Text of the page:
3D printing technology coming of age

Series: 1) Huge potential of technology unfolding in pandemic with enormous opportunities for Hamburg
31 March 2021
Cranes in HafenCity

The 3D printing network, launched in the Hamburg Metropolitan Region in February 2018, has long since morphed into one of Germany’s largest with around 300 members. The kick-off event in the Chamber of Commerce, attended by over 150 experts and stakeholders in commerce, science and the political sphere revealed the keen, unabated interest in suitable materials, printing processes, business models and financing options. Hamburg News spoke to Henning Fehrmann, spokesman for the 3D printing network (3D-Druck Netzwerk).



Raw material input matches consumption

"Technology is coming of age," said Fehrmann, Managing Director of Fehrmann Tech Group. Research into new high-performance metal powders for 3D printing, such as the high-performance aluminum alloy AlMgty is underway at the Fehrmann ALLOYS subsidiary. After the initial hype and exaggerated expectations, 3D printing  is now showing what it can do, he remarked. When supply chains collapsed amid the pandemic, 3D printers soon began producing urgently-needed visors, masks and parts for respiratory systems. "This is where the advantages of the technology lie. It enables swift, decentralized and flexible manufacturing based on individual needs. And it is frequently cost-effective," Fehrmann stressed. The raw material input for 3D printing matches the raw material consumption exactly meaning production is both ecological and cheaper. 



Henning Fehrmann, Head of Fehrmann Tech Group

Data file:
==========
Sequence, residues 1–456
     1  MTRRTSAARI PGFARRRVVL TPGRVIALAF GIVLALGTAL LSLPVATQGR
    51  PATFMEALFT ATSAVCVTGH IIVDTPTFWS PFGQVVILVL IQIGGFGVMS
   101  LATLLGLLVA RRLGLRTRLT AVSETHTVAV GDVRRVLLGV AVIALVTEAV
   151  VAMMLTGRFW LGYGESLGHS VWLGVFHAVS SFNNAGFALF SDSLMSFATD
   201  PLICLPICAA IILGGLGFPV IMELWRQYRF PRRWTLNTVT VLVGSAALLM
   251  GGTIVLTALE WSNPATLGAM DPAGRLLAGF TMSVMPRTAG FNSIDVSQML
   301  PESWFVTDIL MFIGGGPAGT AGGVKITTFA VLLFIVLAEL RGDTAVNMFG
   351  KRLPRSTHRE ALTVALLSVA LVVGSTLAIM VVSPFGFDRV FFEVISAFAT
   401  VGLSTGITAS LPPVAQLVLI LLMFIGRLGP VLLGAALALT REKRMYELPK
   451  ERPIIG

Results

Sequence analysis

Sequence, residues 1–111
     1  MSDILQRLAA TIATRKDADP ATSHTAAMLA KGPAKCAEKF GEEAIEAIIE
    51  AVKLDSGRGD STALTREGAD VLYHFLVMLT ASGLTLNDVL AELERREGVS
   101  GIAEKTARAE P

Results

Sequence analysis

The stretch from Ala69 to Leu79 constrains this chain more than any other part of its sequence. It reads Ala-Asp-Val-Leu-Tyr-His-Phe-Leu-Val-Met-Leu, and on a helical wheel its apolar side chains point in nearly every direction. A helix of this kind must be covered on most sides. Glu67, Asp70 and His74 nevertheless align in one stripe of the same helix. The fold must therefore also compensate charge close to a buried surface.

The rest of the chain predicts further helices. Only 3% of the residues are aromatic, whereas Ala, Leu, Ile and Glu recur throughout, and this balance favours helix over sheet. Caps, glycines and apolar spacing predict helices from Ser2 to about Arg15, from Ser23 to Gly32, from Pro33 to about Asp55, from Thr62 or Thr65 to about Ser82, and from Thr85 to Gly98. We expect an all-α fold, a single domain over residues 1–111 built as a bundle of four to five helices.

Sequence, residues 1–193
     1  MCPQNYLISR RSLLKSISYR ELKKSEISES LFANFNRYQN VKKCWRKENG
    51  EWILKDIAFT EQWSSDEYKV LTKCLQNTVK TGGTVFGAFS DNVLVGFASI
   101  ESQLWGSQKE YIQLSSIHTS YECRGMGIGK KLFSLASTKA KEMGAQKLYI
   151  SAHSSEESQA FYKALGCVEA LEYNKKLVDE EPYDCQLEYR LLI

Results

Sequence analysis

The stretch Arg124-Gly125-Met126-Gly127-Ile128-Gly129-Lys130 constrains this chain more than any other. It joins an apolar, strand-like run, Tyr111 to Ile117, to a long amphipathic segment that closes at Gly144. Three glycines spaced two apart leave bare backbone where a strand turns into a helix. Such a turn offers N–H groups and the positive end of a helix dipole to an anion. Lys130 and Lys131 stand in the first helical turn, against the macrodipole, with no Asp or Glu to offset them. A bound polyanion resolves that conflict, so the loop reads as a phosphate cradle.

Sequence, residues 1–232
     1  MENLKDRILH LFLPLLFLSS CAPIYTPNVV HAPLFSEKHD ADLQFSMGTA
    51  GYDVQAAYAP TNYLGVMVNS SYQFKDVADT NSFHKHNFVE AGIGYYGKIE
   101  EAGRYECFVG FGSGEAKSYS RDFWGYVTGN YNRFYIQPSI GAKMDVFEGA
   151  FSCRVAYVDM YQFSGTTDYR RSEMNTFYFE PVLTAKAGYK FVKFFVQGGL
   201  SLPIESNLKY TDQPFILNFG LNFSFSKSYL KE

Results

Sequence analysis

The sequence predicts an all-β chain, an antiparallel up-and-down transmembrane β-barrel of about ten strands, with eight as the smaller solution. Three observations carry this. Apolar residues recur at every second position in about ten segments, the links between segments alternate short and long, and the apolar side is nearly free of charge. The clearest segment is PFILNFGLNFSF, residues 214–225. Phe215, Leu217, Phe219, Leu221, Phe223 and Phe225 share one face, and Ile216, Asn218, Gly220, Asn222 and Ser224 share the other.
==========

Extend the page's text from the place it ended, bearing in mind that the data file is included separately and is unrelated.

© Fehrmann Tech Group
Henning Fehrmann, Managing Director of Fehrmann Tech Group

Economic, ecological forward-looking industry 

Long before coronavirus, the Hamburg Metropolitan Region was on course to become one of the leading centres of 3D research and actually applying the new technology. Fehrmann noted: "Hamburg has a historic opportunity here, but it is limited. We must consolidate our global leadership and expertise in research and application to establish an economic, ecological forward-looking industry." Emphasis should be on perceiving 3D technology as a complementary technology rather than as a disruption. "We need to get away from the 'substitute or irrelevant' attitude that has inhibited the development of 3D printing for far too long." And the prospects for growth are good. "In 2019, 12 million metal components were produced worldwide. Experts are now predicting 30 per cent annual growth overall."

Hamburg's lead in metal printing

However, plastics and metal printing differ vastly in terms of technology and application. "Around 2,500 different materials are available for synthetics, but there are just a handful for metal printing. And the investment in the printer jumps a hundredfold for metal printing." This is where the metropolitan region can gain a competitive edge, Fehrmann stressed. "Many companies with experience in research and application and related business models are located here." Several world-famous research institutions such as the Fraunhofer IAPT and the Hamburg University of Applied Science (HAW) or the Technical University Hamburg-Harburg (TUHH) that conduct research into 3D printing also come into the foray. The conditions for attracting innovative and international companies with a view to settling in the region are excellent. "The same applies to expanding the scientific, technological and entrepreneurial lead in terms of plastics, biomaterials in the mechanical and plant engineering sector and the automotive industry," Fehrmann pointed out.

Going digital in pandemic 

Making the advantages of 3D printing more visible is another top priority for the network. Members must have an opportunity to exchange ideas and learn from each other. "During our monthly events, we visit companies to see the impact of certain investments i.e., how biomaterials behave in 3D printing, what advantages bionic design i.e., design inspired by nature, has over casting, drilling or milling or how resource-efficient the technology is in reality. We go to universities and pave the way for transferring knowledge from science to industry," Fehrmann explained. However, the pandemic has forced the 3D printing network to host digital-only events for the moment. "Yet our webinars, such as the 3D Printing Tuesday with expert presentations and talks, are meeting with great response." “Doing business is expressly encouraged!" And the free network has already led to many a business relationship.